Get a Taste of Bocconi
OPEN CLASSES FOR HIGH SCHOOL STUDENTS
Are you eager to find out what it's like to study at Bocconi? Then get a taste of the innovative Bocconi learning experience by attending our Open Classes!
Over the coming months, don't miss the chance to attend six live online lectures hosted by our expert faculty. Designed specifically for high school students, these classes focus on a variety of trending topics.
Be ready to learn, interact and delve into current emerging issues while being guided by top Bocconi professors. You will take a seat in our virtual classroom with students from all over the world: it's time to kick off your Bocconi experience.
Law Class – 19 March
What Will Be the Impact of AI and Emerging Digital
Technologies on the Law?
19 March 4pm CET
Program Director, LLM in Law of Internet Technology
Associate Professor, Department of Legal Studies
The lesson will delve into how the rapid advancement of artificial intelligence and digital innovation is transforming the legal landscape. It will explore the multifaceted ways in which these technologies challenge existing legal norms, from privacy and data protection to intellectual property and ethical considerations. The aim of the lesson is to equip participants with a first understanding of the current and potential legal implications of the digital age.
Economics Class – 11 April
Social Media and Society
11 April 4pm CEST
Sarah Beate Eichmeyer
Assistant Professor, Department of Economics
In the last decade, social media has woven its way deep into our lives. There may be no technology since television that has so dramatically reshaped the way we get information and spend our time. How has this transformation impacted society, the functioning of democracies, and the wellbeing of individuals? We will discuss cutting-edge research studies that tackle these questions and provide important answers.
Artificial Intelligence Class - 22 May
AI Evolution: From Leonardo to ChatGPT
22 May 4pm CEST
Assistant Professor, Department of Computing Sciences
This presentation will cover the main stages that have characterized AI evolution, from Leonardo up to the present day. We will see the most recent and quite unexpected findings of this fascinating research field, looking also at the open challenges that will guide further revolutions in AI. We will get a taste of how current AI strategies are applied to life sciences and how they have been improving our biomedical knowledge. Finally, the presentation will conclude by focusing on the role that young people will play in improving this vibrant research field.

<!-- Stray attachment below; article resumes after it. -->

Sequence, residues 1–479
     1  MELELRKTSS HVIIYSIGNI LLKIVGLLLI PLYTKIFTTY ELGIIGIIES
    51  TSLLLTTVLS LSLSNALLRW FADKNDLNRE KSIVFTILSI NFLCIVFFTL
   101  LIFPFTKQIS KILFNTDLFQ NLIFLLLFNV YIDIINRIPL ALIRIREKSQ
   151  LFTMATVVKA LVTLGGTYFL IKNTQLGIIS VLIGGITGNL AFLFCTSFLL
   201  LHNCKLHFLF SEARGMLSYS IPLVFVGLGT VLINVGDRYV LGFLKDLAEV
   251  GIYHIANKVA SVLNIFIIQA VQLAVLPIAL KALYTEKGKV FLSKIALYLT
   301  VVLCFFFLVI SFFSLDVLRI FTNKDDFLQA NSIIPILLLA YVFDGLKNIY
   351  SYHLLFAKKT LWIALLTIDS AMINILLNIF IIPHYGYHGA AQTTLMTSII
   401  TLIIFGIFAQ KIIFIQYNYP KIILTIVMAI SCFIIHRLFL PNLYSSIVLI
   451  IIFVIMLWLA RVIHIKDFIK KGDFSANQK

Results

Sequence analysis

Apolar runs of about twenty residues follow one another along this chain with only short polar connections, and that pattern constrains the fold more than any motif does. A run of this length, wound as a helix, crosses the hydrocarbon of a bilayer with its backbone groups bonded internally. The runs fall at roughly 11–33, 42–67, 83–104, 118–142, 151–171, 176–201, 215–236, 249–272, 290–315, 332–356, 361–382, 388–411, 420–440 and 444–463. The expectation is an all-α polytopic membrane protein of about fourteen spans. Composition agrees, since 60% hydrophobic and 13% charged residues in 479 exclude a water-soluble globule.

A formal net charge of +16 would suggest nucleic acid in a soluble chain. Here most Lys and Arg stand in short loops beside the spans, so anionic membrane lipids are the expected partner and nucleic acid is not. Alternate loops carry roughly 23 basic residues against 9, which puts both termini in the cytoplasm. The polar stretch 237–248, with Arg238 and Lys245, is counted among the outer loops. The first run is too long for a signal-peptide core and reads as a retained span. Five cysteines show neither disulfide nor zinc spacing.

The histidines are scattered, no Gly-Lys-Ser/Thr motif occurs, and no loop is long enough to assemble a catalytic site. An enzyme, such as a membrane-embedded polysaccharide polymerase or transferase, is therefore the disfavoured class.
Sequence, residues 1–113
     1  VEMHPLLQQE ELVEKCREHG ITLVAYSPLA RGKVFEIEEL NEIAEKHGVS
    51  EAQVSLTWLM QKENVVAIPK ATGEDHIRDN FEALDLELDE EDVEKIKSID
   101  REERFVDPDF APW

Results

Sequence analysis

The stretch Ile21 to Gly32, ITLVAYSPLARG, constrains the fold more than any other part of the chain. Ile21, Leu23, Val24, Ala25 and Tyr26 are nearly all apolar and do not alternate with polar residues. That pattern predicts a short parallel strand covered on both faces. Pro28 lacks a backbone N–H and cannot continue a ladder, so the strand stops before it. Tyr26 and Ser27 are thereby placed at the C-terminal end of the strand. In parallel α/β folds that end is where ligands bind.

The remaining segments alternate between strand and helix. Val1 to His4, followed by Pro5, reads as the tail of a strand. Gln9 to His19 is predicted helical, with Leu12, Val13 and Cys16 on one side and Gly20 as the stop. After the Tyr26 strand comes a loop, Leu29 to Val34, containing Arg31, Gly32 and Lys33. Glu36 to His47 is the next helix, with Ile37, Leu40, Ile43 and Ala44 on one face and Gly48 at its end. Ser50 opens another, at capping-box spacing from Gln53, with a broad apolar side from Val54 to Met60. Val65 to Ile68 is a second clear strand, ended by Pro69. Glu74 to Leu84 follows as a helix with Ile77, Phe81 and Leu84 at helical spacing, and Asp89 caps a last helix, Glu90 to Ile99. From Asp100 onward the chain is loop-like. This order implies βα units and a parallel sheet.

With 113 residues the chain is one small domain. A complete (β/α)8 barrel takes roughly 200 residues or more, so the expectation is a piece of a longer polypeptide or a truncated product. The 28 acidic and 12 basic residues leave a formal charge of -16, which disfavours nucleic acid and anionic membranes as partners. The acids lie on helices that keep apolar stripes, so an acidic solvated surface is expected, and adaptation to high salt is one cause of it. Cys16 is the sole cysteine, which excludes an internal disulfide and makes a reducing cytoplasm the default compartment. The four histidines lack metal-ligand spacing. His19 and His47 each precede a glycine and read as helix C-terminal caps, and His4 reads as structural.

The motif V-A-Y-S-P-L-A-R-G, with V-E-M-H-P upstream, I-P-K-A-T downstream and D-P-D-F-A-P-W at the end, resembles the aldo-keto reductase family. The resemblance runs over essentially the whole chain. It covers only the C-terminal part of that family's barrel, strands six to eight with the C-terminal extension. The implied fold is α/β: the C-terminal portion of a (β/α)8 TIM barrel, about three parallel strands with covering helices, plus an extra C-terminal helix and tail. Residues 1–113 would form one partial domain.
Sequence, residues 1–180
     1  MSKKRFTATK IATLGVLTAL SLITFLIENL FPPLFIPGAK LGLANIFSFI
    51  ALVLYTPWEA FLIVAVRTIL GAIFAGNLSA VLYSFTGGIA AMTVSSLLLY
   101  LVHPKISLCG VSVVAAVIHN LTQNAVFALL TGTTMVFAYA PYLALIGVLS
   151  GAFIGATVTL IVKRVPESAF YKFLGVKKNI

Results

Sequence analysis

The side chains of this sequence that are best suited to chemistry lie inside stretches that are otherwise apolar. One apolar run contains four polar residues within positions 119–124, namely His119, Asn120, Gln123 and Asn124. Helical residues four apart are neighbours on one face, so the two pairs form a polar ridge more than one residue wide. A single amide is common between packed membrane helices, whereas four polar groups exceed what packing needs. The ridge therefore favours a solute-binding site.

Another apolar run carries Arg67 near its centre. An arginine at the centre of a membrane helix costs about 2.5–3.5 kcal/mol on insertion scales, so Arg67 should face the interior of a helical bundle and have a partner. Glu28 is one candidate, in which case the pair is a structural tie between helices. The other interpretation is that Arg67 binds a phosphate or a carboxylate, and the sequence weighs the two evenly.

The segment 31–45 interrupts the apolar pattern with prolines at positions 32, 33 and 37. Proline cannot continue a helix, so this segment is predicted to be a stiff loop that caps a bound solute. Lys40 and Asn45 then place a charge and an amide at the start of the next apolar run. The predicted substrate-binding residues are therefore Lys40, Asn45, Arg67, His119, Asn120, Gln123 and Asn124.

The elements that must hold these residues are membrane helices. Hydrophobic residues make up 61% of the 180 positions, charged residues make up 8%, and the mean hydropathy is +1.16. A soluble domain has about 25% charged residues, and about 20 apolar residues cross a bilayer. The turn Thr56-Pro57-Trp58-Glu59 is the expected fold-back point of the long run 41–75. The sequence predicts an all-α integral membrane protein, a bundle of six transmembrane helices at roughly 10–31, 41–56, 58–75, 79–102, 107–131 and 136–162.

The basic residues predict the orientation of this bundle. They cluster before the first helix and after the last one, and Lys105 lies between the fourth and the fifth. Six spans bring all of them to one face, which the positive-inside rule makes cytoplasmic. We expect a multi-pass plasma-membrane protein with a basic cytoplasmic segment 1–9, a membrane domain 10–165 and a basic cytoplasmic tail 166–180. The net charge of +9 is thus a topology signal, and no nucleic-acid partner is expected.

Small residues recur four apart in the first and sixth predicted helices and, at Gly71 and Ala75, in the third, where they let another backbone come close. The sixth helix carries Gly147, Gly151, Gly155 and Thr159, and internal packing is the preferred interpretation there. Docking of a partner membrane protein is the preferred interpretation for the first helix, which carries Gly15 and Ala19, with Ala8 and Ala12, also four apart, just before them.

If you're a college or independent counselor, you're welcome to join us as auditors: please register here to follow our Open Classes.
Management Class – 25 October
Sustainable and Collaborative Innovation: shaping a better future
25 October 4pm CEST
Acting Program Director, BSc in International Economics and Management
Innovation is the lifeblood of organizations striving to stay competitive and relevant in today's fast-paced world. Most experts agree that the demands for sustainability will dramatically alter competitive positions in existing industries and create new business opportunities. This lecture focuses on understanding the significance and dimensions of sustainable innovation, explaining how to leverage the collaboration of external players for innovative solutions.
Politics Class — 21 November
The Political Sustainability of the Green Transition
21 November 4pm CET
Director of the Bocconi Bachelor in International Politics and Government
Fighting climate change and protecting the environment are top priorities for policy makers worldwide. Yet, environmental policies are challenging from a political point of view. In fact, they may create winners and losers, thus determining a political backlash. How can we make the green transition politically sustainable?
Finance Class — 16 January
Investment for Passions: Fine art and high finance
16 January 4pm CET
Professor of graduate or undergraduate courses of Management of Financial Institutions and Alternative Investments
Would investing into art be a rationale choice? What is the difference between purchasing art and buying stocks? And finally, how could a pixel monkey be worth a million dollars? In this Open Class, we provide a primer on art investing by identifying whether and to what extent we could view (and buy) art through the lens of financial investors.
Fall 2022 — Spring 2023
Management Class – 27 October
New Era of Entertainment: The fan economy
27 October 4pm CEST
Deputy Director of the BSc in Economics and Management of Arts, Culture and Communication
Lecturer, Department of Management and Technology
The digital revolution has traditionally heavily influenced the way companies and talent are rewarded for the entertainment they produce. So much so that new ways of monetizing their creations are being sought. By analyzing new trends in the ways of consuming entertainment on the one hand, and the advancement of technologies as enablers of unprecedented new solutions on the other, we will discover how the next era of entertainment is evolving under the sign of the 'fan'.
Global Law Class – 24 November
Can Litigation in Courts Help Fight the Climate
24 November 4pm CET
Full Professor, Department of Legal Studies